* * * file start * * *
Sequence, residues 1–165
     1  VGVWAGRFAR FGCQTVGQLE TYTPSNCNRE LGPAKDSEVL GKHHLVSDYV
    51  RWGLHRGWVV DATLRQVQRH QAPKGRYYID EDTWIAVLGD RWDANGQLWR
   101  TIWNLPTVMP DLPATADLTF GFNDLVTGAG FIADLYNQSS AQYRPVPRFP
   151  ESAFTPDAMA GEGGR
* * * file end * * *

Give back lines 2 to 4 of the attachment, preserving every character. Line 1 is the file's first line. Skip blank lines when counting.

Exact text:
     1  VGVWAGRFAR FGCQTVGQLE TYTPSNCNRE LGPAKDSEVL GKHHLVSDYV
    51  RWGLHRGWVV DATLRQVQRH QAPKGRYYID EDTWIAVLGD RWDANGQLWR
   101  TIWNLPTVMP DLPATADLTF GFNDLVTGAG FIADLYNQSS AQYRPVPRFP